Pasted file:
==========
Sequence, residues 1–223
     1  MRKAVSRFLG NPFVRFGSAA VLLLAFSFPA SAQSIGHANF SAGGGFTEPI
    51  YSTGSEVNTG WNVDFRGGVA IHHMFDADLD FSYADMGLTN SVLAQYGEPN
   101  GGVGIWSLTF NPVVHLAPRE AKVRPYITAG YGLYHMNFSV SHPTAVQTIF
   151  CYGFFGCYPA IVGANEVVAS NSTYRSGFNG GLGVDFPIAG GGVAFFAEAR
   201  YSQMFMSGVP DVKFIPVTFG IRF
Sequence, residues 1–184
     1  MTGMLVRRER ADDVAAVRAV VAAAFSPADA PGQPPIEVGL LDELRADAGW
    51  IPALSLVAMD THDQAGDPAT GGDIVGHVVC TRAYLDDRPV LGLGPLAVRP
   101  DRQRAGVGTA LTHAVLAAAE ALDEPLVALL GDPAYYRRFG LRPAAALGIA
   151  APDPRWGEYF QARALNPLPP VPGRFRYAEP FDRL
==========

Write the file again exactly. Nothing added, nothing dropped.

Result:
Sequence, residues 1–223
     1  MRKAVSRFLG NPFVRFGSAA VLLLAFSFPA SAQSIGHANF SAGGGFTEPI
    51  YSTGSEVNTG WNVDFRGGVA IHHMFDADLD FSYADMGLTN SVLAQYGEPN
   101  GGVGIWSLTF NPVVHLAPRE AKVRPYITAG YGLYHMNFSV SHPTAVQTIF
   151  CYGFFGCYPA IVGANEVVAS NSTYRSGFNG GLGVDFPIAG GGVAFFAEAR
   201  YSQMFMSGVP DVKFIPVTFG IRF
Sequence, residues 1–184
     1  MTGMLVRRER ADDVAAVRAV VAAAFSPADA PGQPPIEVGL LDELRADAGW
    51  IPALSLVAMD THDQAGDPAT GGDIVGHVVC TRAYLDDRPV LGLGPLAVRP
   101  DRQRAGVGTA LTHAVLAAAE ALDEPLVALL GDPAYYRRFG LRPAAALGIA
   151  APDPRWGEYF QARALNPLPP VPGRFRYAEP FDRL